I loved the show. It’s the best thing Netflix has put out, besides the John Mulaney specials. The story reminds me of “A Simple Plan,” with Bill Paxton, Billy Bob Thornton, and Bridget Fonda. Both stories are about covering your ass, only to have it blow up in your face later.
“A Simpel Plan” is one of my favorite movies and books and yet it makes me really uneasy. Most of the time, when you see a flawed protagonists, you think, “ah, those are extraordinary circumstances, I’d do things differently.” But with “Dead to Me” and “A Simple Plan”, I can’t say with any certainty that I would have done anything differently than the main characters. A lot of the bad choices make sense in the heat of the moment.
“Dead to Me” is a dark dark comedy. There are no jokes in it, all the laughs come from the stark reality of watching Jen, Christina Applegate, go through one fresh hell after another. Linda Cardellini’s Judy character is an interesting twist because she always plays someone serious and thoughtful (even in “Scooby Doo”).
It’s so well written and full of plausible plot twists. They wrapped up season 1 really well, so waiting a year doesn’t feel so bad, unlike “Barry” on HBO.
Lastly, I love the cast choice for Jen’s mother in law played by the actress on Seinfeld George calls pretentious. It is one of the all-time greatest moments of that series. It’s from the episode “The Truth” from season 3. Who hasn’t wanted to do exactly this at some point in their life?
Several people whose opinion I trust(ed) have told to me to check out “The Marvelous Mrs. Maisel” because I like comedy so much. Oh my god, I could barely make it through the first episode. I hated it so much, words couldn’t describe it. Thank God, Emily Nussbaum, TV critic from the “New Yorker” did it for me.
The Cloying Fantasia of “The Marvelous Mrs. Maisel”
The production landed at an ideal moment, tapping into a desperation among women for something sweet. For me, it felt grating.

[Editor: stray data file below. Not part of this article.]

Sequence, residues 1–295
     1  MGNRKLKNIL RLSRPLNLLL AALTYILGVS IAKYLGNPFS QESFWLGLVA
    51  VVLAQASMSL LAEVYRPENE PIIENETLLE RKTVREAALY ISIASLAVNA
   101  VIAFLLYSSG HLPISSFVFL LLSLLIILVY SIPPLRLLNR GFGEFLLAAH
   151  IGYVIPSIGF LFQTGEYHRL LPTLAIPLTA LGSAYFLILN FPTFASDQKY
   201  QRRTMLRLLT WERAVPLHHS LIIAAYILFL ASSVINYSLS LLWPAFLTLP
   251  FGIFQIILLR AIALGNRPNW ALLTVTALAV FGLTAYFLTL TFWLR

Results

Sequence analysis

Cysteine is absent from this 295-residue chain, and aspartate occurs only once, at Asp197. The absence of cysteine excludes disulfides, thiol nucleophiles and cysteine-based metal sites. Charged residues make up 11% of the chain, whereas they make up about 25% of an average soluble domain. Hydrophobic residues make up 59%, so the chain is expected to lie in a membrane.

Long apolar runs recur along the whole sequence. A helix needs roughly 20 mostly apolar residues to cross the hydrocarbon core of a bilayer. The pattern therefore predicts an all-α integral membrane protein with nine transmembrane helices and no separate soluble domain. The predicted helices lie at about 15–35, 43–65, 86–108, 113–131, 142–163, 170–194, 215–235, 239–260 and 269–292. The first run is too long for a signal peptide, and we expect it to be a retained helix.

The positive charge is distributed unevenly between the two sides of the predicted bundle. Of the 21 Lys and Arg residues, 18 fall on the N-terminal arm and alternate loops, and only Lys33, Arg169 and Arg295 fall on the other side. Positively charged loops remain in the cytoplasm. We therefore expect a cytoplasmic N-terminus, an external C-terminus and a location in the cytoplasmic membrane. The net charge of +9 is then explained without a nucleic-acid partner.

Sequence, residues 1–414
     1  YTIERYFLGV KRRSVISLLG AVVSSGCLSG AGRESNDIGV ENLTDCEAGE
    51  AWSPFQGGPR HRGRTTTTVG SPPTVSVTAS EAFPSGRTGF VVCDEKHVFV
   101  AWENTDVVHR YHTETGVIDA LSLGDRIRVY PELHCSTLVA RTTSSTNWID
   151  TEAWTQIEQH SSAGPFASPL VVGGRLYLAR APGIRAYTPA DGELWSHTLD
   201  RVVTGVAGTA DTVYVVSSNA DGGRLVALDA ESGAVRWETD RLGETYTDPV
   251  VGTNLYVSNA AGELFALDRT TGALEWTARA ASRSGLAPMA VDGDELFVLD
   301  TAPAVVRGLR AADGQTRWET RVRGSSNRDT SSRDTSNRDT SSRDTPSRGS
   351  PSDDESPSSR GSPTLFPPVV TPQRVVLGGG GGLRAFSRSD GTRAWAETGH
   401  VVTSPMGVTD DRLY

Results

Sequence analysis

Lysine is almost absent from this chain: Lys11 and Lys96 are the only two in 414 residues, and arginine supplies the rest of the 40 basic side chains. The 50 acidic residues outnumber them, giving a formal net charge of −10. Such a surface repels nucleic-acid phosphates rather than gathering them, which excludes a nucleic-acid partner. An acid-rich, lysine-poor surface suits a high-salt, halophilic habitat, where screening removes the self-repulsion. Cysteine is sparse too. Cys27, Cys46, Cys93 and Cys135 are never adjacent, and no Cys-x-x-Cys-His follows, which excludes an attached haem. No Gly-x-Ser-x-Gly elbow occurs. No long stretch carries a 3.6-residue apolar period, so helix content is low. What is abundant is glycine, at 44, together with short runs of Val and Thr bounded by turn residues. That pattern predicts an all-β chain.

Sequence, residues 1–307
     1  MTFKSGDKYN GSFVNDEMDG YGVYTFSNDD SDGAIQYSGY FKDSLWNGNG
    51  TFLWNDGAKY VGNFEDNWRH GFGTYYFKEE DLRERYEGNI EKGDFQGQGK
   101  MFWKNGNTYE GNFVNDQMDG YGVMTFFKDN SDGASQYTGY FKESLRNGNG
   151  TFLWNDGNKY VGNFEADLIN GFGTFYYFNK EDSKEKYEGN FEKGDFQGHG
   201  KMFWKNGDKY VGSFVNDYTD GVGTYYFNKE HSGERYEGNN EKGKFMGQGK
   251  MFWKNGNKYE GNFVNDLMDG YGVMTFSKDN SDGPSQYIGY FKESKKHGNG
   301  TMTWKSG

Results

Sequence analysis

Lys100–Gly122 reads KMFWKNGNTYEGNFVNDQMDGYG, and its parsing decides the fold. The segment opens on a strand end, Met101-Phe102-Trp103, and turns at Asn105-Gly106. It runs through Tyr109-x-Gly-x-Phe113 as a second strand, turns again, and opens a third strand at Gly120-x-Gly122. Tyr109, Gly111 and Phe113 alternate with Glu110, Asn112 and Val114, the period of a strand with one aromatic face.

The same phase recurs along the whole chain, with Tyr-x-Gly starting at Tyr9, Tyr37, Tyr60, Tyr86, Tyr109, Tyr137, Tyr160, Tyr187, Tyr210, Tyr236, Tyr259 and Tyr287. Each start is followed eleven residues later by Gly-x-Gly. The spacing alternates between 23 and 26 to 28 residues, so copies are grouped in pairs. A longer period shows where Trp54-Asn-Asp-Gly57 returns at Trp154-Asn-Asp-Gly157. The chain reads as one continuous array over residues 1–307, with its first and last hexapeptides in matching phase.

Everyone overacted in the episode I saw. Like “Madman”, its a reproduction of a reproduction. The creators appear to be modernizing the past as it should have been instead of portraying it the way it probably was. What’s next? A remake of “I Dream of Jeannie” with some stupid twist like a secret dominatrix lair in her bottle?
I wanted to like Mrs. Maisel because I wanted to find a show I liked period. It has a great cast and the premise (though I haven’t seen Tony Shaloub this cliched since “Wings”). To say it’s edgy is to misunderstand the term. Instead, it’s horribly precocious and pretentious. But that’s not the worst thing about it. It’s phony, sterile, and predictable like a Dan Brown book.
I remember when everyone was reading “The Da Vinci Code”. They talked about it like they had been reading some illuminated manuscript they discovered in the catacombs of the Vatican.
We were out to dinner with a bunch of friends who had all read it. Everyone was sharing parts they loved. I finally chimed in, and per my usual, ruined the moment, and said, “doesn’t it bother any of you that Langdon pretty much solves everything on the first try?” Pause, and everyone went back to gushing over the book like it wasn’t fiction “I had no idea Opus Dei existed.”